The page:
It’s hard not to miss the full page ads being run by BP, ConocoPhillips and Exxon that suggest Ballot Measure One is not about Big Oil but our jobs, our families and our future. So let’s go through these aspects one by one.
Our Jobs — The “Vote No” groups say for every one new oil job created, nine other Alaskan jobs are generated. While they make no claim as to how many new oil jobs will be created as a result of Senate Bill 21, BP told the Fairbanks News-Miner that thanks to SB 21’s tax cut, BP will now create 200 new jobs on the slope. This equates to the possibility of 1,800 jobs. On the other hand, revenues generated under ACES (the oil tax legislation replaced by SB 21) and spent on public projects — new schools, roads and critical infrastructure — provided jobs for an estimated 125,000 Alaskans. This level of employment was made possible by the state accumulating more than $17 billion in savings under ACES. At the same time that ACES was providing for a robust capital budget, employment on the North Slope actually increased. ACES went into effect starting July 2007. For the last complete year before that, July 2006 through June 2007, state statistics show an average employment of 10,850 oil and gas workers in Alaska. The final year of ACES, 2013, had average oil and gas employment of 14,150, a 30 percent increase. In other words, ACES led to new oil jobs while enabling the state to create more than 100,000 jobs through capital projects.
Our Families — I was unable to find any specifics on the “Vote No” website that explained how SB 21 benefits families. By contrast, the “Vote Yes” group prominently claims, “No family would be comfortable watching its saving evaporate like water and no Alaskan should be comfortable watching Alaska’s savings dry up possibly overnight.”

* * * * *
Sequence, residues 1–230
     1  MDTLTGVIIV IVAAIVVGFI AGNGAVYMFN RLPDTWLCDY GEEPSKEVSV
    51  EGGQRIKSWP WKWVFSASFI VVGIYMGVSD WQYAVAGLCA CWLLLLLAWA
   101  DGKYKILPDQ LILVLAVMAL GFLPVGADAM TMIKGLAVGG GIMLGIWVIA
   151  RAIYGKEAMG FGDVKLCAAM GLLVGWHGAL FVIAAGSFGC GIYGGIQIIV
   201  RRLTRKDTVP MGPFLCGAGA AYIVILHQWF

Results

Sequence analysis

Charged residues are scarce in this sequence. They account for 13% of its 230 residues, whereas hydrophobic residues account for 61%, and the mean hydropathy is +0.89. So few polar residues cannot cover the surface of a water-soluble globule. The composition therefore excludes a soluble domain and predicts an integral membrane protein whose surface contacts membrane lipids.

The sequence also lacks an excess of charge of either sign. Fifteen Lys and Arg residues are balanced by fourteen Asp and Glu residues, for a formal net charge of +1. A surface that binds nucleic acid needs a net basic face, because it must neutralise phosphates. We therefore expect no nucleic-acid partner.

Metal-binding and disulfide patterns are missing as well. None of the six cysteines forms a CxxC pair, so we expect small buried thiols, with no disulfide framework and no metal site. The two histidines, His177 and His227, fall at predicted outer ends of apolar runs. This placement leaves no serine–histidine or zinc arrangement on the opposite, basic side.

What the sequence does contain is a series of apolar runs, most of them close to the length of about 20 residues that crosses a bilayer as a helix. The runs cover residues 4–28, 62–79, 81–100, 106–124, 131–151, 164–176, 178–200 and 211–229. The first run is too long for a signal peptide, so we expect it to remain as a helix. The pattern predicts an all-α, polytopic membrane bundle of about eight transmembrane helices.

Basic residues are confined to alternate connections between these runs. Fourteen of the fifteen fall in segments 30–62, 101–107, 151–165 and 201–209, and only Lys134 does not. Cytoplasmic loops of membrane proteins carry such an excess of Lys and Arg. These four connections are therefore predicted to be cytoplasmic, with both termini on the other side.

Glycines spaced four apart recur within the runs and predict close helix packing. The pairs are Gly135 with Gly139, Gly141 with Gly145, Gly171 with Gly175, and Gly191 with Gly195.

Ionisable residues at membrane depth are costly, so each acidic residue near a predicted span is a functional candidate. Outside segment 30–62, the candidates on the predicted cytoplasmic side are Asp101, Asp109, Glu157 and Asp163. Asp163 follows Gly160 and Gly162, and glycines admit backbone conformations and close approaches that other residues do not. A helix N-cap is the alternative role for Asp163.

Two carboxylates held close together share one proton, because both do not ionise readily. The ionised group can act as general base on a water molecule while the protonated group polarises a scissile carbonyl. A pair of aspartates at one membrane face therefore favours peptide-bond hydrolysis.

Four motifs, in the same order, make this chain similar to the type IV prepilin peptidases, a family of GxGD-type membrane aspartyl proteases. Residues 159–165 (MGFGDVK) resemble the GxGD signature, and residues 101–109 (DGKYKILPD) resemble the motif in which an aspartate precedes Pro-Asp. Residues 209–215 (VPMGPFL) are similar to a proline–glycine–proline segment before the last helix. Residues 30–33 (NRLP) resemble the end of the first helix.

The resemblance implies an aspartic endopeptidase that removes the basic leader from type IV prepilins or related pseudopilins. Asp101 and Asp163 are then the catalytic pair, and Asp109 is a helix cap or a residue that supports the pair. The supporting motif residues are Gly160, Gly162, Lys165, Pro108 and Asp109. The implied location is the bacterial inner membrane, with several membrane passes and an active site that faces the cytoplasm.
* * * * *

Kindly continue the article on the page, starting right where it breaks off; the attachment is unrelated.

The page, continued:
Our Future — Deciding how SB 21 affects our future depends on what lens one looks through. The “Vote No” campaign is clearly using the oil lens as they cite, “under the old tax system (ACES), Alaska fell from 2nd to 4th in U.S. oil production” compared to other states. They also feature the new investments being announced by BP and ConocoPhillips. For me, the more appropriate lens for the future is our ability to adequately fund basic public services, particularly education. Under SB 21, the Parnell administration’s 10 year budget forecast projects a 47 percent decline in oil production earnings. The Parnell administration predicted that oil tax revenue in Fiscal Year 2015 would be $3.4 billion.
Now the state predicts that with SB 21, oil tax revenue in 2015 will collapse to $1.7 billion. At this rate, the Alaska Legislature is projected to use up all our savings by 2018. This year alone we had a $2.3 billion deficit and struggled to finance the first, very modest increase to the education formula in three years. It was not enough to stop significant layoffs of teachers in several school districts including Juneau. If you care about the state’s ability to adequately fund education from kindergarten to UAS, then you cannot ignore how SB 21 drains state revenues and puts our future at risk.
In thinking about our jobs, our families, and our future, you will see that voting “yes” is the right action to take. I would also point out that in all the give and take about ACES and SB 21, there is a mixing up of purposes. ACES was not created to “put more oil in the pipeline” but rather to give Alaskans a fair share of the oil wealth they own. This is because oil production has been declining for decades — during periods of high and low taxes. Lowering taxes does not and has never improved oil production in Alaska. I know this seems counter-intuitive but one must keep in mind that the best tax breaks in the world cannot change the geology of a declining field that has been in production for more than 30 years.
So the real question before voters is: does SB 21 give us a fair return for our oil leases. According to Sen. Bert Stedman, R-Sitka, one of the few consistent fiscal conservatives, SB 21 structures the return on our oil “as if the State of Alaska is having a going out of business sale on oil”. There is no need for a “going out of business sale.”
According to the Legislative Research Agency, ConocoPhillips makes $28 per barrel in profit in Alaska, almost three times higher than profits in the Lower 48. Even without SB 21, Alaska will remain a strong driver of profit margins for Big Oil.
It’s not about big oil staying in Alaska. It is about our jobs, our families and our future. We need not mortgage them for making highly profitable companies even more profitable.